The coworking space is a close, collaborative group of entrepreneurs, freelancers and remote workers

When Kevin McIntosh and his architecture practice decided to purchase and renovate an old landmark building to accommodate their growing business, he and his team also wanted to take the opportunity to provide a dedicated space for Toronto’s creative community. The result is a beautiful, well-designed coworking space that opened in 2018 to a group of local entrepreneurs, freelancers and remote workers. After joining the Proximity Network last month, Kevin shared more about Lokaal and the close community of creatives.

Why did you decide to open a coworking space?

I’ve been fascinated by the concept since meeting Tanya Surman, the founder of the CSI (Centre for Social Innovation), in Toronto in the mid-2000s. I was amazed at how people came together with different mandates and organizations but regularly fed off each other’s ideas, skills and strengths. When our architecture practice purchased a three-story, mixed-use building to house our growing office, we had an opportunity to design and build a coworking space and community of our own.

Tell us about your space. What kinds of amenities does it have? What makes it unique? 

Lokaal is relatively small with only 25 seats but all the usual amenities. The space is flooded with natural light through huge openings we carved out of the east side of the building. The name is Dutch for “local” and speaks to what we’re trying to accomplish which is to build a small but tight community of local entrepreneurs and remote workers.

What is your favorite thing about operating a coworking space?

The people. I’ve always been a “connector.” I get great satisfaction in bringing people together and making new introductions and seeing opportunities between people, likely because of my 10-year stint running a recruitment company in the 90’s.

What’s your favorite story about one of your members?

Our very first member could not wait for us to officially open. He joined three months before we opened publicly while drywall and painting were still happening. His business is construction-related so it did not phase him at all and now we hire him through our architecture practice to consult on some of our projects. Great example of how coincidental synergies happen in a coworking space.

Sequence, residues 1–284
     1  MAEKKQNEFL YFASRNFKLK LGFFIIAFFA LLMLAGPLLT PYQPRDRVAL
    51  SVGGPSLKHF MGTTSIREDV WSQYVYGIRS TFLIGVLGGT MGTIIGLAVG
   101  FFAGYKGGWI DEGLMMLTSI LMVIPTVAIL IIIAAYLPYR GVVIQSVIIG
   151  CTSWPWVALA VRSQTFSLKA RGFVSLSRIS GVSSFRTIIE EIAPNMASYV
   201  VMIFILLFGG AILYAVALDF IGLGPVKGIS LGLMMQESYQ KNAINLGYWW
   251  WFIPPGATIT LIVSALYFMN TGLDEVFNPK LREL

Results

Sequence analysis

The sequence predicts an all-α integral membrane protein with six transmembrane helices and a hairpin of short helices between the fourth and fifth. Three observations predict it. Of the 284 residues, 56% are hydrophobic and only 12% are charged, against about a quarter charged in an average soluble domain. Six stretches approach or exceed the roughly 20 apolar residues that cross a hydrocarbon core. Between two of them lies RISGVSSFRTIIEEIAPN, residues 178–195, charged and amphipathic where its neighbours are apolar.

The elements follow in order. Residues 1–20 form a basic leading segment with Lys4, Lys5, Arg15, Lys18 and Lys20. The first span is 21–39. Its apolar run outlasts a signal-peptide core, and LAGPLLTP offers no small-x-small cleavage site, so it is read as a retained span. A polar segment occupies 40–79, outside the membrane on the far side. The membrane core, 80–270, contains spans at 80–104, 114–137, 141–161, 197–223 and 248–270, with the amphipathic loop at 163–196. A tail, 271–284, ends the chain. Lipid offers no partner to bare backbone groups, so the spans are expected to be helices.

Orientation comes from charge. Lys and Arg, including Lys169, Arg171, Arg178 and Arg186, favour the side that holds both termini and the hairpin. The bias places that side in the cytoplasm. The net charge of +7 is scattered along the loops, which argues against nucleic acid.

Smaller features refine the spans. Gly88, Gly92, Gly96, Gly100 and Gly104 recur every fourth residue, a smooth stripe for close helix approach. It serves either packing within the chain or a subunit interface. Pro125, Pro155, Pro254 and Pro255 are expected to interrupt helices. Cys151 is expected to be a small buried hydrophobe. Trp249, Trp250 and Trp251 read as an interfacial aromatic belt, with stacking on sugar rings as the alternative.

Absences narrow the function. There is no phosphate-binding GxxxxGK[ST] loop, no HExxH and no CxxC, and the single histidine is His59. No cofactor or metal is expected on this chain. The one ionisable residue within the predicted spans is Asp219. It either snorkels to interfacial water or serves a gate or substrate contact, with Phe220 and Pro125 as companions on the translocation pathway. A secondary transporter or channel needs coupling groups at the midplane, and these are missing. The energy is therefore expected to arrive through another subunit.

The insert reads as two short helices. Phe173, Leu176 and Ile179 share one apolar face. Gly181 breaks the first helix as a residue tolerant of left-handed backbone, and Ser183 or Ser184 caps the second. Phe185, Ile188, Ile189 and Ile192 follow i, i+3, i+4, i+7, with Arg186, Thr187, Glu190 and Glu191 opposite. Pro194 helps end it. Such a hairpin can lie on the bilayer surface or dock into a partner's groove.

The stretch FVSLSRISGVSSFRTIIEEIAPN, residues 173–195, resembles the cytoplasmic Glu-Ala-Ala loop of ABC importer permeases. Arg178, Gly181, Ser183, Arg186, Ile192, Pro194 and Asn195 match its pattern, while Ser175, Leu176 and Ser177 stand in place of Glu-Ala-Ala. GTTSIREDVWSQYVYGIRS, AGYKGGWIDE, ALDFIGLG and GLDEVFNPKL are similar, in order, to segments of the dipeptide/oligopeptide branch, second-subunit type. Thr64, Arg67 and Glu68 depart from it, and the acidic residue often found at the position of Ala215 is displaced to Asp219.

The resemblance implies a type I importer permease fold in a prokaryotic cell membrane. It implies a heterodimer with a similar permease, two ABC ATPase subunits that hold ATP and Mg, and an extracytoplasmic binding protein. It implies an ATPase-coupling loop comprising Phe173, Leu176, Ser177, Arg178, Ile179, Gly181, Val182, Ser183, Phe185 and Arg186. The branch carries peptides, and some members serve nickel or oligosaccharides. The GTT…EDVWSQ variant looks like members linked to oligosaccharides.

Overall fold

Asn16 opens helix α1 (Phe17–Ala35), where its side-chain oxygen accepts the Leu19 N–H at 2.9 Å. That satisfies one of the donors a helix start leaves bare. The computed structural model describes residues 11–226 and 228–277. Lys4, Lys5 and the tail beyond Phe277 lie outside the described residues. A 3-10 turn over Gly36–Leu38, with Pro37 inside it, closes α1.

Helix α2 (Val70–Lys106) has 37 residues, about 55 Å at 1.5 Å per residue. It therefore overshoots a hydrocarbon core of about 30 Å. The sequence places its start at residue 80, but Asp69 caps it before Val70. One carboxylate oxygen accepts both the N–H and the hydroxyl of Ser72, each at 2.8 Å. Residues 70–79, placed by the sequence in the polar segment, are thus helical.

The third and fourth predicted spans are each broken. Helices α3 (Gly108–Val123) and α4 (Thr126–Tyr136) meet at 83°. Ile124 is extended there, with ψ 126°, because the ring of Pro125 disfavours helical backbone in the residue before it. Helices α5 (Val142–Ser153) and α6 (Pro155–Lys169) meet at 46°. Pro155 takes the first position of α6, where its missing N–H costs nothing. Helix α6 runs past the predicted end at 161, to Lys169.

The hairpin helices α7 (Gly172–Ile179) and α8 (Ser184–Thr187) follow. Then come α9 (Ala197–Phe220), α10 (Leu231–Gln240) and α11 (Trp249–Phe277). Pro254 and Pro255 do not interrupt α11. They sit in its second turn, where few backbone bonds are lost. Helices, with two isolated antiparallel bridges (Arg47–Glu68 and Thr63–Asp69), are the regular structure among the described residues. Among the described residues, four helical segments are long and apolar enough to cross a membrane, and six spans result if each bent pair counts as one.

What has been the most surprising or unexpected thing about operating a coworking space? 

Honestly? Just about everything! No matter how much research you do and how smart you think you are when you start up, you’ll be learning something new every day running a coworking space. One examplewe could have just leased our second floor to a company for their office but it occurred to me that if a tenant leaves, it could take months of lost revenue to find the next tenant. With coworking, you’d never lose all of your members at once so it’s a much more stable revenue stream… unless there is a pandemic.

What advice would you offer to someone who wants to open a coworking space?

Assuming it’s your first space, be prepared to be uber-flexible and nimble to adapt your business and operating model. Hold tight to your vision but be flexible with your business plan. Keep your members happy but remember you are still running a business.

The Proximity Network

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